We cannot just allow a passenger board a plane without a plane ticket or a passport. Similarly, countries need to properly monitor their borders and waste flows. The first step is to obtain sufficient data. There has been little public transparency on where waste and recyclables in Europe end up in. As a result, stakeholders who are involved in waste trade receive less potential public pressure to strictly enforce or comply with the EU Waste Shipment Regulation. The EU and its member states should develop waste management systems of high public traceability so that the public know that their recyclables and waste are properly treated. The second step is to harmonise shipment registration processes and mechanisms. The system ought to be more coherent as stakeholders interpret “waste” differently, and member states differ in registration modes of shipment carrier. A harmonised system would help to track the origin of waste and categorise materials.

 

After understanding waste flows, the final step is to turn waste locally into a resource. By improving waste prevention and reuse strategies, separate collection and recycling quality, member states would produce recycled raw materials for their economy or not produce waste in the first place. At the same time, the EU should continue to phase out materials that cannot be easily recycled in its member states to avoid landfilling and incineration. For instance, the Dutch government announced a ban on sale of single-use plastics starting from July 2021. This step would drive companies to redesign their products.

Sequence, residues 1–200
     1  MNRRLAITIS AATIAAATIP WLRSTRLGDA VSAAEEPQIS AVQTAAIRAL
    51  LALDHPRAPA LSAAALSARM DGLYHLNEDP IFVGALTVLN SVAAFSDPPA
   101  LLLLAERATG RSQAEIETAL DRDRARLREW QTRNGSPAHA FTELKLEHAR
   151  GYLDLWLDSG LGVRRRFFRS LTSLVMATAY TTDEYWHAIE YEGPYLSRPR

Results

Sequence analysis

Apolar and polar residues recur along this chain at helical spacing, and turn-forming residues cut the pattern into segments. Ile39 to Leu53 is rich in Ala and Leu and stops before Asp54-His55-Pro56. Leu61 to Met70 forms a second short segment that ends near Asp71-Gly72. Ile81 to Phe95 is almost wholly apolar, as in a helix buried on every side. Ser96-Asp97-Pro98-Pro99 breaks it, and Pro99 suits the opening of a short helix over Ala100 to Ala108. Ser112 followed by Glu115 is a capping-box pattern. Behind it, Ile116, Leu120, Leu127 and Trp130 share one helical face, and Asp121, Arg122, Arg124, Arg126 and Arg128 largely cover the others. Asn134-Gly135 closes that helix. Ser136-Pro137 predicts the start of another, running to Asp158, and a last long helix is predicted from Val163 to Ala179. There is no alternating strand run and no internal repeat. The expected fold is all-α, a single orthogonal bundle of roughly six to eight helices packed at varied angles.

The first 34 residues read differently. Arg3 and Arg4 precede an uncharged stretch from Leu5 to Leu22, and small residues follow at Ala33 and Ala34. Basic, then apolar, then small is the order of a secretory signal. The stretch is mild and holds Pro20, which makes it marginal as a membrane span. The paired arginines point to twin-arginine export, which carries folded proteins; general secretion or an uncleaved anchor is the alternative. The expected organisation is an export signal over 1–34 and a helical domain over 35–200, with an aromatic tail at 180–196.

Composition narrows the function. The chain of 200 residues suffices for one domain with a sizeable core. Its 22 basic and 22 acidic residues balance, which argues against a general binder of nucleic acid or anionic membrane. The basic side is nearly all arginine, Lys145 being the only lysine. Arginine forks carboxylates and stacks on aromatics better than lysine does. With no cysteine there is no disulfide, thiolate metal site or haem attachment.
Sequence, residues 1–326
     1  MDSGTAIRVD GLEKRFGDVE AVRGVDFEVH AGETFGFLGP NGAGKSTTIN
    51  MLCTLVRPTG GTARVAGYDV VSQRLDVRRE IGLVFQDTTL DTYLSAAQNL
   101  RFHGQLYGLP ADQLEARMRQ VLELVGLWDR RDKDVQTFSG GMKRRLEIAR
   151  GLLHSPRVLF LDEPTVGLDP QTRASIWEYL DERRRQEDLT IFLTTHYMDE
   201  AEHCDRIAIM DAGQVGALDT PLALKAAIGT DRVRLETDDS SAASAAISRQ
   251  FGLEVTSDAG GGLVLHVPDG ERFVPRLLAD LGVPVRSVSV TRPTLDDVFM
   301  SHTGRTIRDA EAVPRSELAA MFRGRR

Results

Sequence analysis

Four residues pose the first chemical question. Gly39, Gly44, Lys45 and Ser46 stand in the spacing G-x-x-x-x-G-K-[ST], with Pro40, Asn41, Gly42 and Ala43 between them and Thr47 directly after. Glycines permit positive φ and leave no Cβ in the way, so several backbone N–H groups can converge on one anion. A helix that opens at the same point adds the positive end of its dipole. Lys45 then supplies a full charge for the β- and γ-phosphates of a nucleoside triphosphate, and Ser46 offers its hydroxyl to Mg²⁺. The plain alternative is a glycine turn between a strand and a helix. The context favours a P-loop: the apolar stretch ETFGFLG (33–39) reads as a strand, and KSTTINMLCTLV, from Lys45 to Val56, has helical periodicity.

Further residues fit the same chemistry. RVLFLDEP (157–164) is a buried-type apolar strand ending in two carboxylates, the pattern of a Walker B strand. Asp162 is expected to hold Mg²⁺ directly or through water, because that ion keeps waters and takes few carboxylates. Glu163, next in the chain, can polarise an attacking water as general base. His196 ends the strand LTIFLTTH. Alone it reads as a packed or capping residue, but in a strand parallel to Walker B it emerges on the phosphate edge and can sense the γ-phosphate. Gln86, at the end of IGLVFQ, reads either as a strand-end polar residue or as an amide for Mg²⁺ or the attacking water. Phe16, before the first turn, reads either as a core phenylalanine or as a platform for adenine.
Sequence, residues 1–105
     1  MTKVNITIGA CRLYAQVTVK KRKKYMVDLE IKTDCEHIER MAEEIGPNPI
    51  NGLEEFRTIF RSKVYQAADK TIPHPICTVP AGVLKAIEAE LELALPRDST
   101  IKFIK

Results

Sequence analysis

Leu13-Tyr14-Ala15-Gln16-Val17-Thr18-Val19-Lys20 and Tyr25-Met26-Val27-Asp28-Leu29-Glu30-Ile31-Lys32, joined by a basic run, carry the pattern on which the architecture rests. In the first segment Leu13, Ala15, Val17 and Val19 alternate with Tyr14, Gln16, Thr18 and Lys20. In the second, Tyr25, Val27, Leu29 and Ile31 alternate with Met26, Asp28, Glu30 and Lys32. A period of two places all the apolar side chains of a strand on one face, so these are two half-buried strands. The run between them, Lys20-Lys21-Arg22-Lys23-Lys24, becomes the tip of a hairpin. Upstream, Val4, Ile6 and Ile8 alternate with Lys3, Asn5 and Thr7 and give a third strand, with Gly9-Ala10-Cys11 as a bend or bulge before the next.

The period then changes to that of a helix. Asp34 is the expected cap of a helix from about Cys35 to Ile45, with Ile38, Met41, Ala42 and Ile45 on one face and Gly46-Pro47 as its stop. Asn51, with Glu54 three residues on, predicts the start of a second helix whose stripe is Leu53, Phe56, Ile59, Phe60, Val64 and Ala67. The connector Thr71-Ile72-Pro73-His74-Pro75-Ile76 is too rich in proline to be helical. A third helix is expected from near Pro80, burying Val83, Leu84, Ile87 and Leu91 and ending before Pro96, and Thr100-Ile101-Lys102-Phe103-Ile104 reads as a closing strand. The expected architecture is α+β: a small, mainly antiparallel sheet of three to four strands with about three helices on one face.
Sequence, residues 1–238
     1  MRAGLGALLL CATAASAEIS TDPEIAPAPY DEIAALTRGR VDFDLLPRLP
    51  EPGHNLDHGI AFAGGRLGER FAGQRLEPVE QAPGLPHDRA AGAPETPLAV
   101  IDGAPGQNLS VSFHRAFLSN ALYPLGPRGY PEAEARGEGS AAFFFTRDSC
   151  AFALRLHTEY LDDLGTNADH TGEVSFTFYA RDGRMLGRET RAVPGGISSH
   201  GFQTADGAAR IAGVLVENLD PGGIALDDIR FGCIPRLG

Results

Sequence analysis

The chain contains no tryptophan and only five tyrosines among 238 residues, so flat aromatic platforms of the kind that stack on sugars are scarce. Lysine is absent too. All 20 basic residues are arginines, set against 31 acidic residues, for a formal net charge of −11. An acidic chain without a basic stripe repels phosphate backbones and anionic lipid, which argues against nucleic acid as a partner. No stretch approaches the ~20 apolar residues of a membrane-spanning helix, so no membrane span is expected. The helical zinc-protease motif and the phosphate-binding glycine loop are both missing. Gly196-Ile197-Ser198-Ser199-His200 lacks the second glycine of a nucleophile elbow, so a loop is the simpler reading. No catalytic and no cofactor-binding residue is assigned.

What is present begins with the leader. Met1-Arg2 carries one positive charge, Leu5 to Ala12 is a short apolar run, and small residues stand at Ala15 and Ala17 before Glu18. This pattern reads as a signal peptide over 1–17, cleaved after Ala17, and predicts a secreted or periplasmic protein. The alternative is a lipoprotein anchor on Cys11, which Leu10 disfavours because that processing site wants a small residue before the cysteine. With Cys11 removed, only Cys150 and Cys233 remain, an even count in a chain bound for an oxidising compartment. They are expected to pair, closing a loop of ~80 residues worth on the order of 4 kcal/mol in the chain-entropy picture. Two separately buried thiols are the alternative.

The emergence of waste trade eventually boils down to waste generation. It is high time to reconsider what ways we can reduce waste generation. In the EU, packaging waste accounts for nearly 40 per cent of plastic production. Examples have shown that packaging-free shops are thriving, and they need more policy support. We hope that the ban on certain single-use plastics in the EU will accelerate this transformation. Besides, the age of digitalisation will be introducing more electronic equipment. Let alone daily essentials like laptops and phones, electronics embed into many products regardless of whether they are useful or not. It propels us, responsible consumers, to think about four pressing questions about a product:

 

How recyclable are the materials used?
How easy is it to disassemble or repair?
Is it durable enough?
How necessary is it?

 

See you on the other side?

 

We live in a strange global waste trade system, a system which we do not fully understand yet still heavily depend on. We have been looking at the façade of global trade in which there is little information on illegal waste trade. With an emphasis on green growth and circular economy, upcoming strategies and action plans of the EU hopefully will reduce the waste burden of some non-EU countries and develop the recycling industry of member states. Meanwhile, we must pay attention to the enforcement of the Waste Amendment. Last but not least, we should rethink ways to prevent waste generation in our daily lives. Not sure what you can do? You can check out our 9 tips for a zero waste lockdown!

Whenever I throw away waste and recyclables outside my apartment in the Netherlands (I am still climbing up the Zero Waste Hierarchy), I wish destiny would not make us meet again on the coast of Hong Kong or any parts of the world.

 

Notes:

[1] Parajuly, K., & Fitzpatrick, C. (2020). Understanding the Impacts of Transboundary Waste Shipment Policies: The Case of Plastic and Electronic Waste. Sustainability, 12(6), 2412.

 

UP NEXT –> Intra-Europe waste trade